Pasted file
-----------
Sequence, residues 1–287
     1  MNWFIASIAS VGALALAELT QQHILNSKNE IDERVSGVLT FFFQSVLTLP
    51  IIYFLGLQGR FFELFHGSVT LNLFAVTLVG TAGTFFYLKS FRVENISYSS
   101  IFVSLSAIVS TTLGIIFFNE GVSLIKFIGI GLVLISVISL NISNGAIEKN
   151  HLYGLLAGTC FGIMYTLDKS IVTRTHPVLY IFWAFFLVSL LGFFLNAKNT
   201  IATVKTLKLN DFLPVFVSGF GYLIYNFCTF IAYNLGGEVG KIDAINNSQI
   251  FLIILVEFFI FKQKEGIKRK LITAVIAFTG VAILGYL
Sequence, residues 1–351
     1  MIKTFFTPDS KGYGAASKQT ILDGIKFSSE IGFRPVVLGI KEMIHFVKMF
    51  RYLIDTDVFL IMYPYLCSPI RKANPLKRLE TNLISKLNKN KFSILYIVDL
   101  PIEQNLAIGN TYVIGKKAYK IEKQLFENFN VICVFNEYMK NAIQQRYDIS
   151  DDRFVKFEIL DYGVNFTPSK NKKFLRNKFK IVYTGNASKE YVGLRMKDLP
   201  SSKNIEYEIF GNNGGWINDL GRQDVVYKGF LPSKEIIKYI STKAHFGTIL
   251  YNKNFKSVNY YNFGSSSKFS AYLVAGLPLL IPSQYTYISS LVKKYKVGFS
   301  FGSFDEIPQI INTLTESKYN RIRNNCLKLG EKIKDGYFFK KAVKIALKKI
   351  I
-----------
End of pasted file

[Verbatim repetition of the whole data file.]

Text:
Sequence, residues 1–287
     1  MNWFIASIAS VGALALAELT QQHILNSKNE IDERVSGVLT FFFQSVLTLP
    51  IIYFLGLQGR FFELFHGSVT LNLFAVTLVG TAGTFFYLKS FRVENISYSS
   101  IFVSLSAIVS TTLGIIFFNE GVSLIKFIGI GLVLISVISL NISNGAIEKN
   151  HLYGLLAGTC FGIMYTLDKS IVTRTHPVLY IFWAFFLVSL LGFFLNAKNT
   201  IATVKTLKLN DFLPVFVSGF GYLIYNFCTF IAYNLGGEVG KIDAINNSQI
   251  FLIILVEFFI FKQKEGIKRK LITAVIAFTG VAILGYL
Sequence, residues 1–351
     1  MIKTFFTPDS KGYGAASKQT ILDGIKFSSE IGFRPVVLGI KEMIHFVKMF
    51  RYLIDTDVFL IMYPYLCSPI RKANPLKRLE TNLISKLNKN KFSILYIVDL
   101  PIEQNLAIGN TYVIGKKAYK IEKQLFENFN VICVFNEYMK NAIQQRYDIS
   151  DDRFVKFEIL DYGVNFTPSK NKKFLRNKFK IVYTGNASKE YVGLRMKDLP
   201  SSKNIEYEIF GNNGGWINDL GRQDVVYKGF LPSKEIIKYI STKAHFGTIL
   251  YNKNFKSVNY YNFGSSSKFS AYLVAGLPLL IPSQYTYISS LVKKYKVGFS
   301  FGSFDEIPQI INTLTESKYN RIRNNCLKLG EKIKDGYFFK KAVKIALKKI
   351  I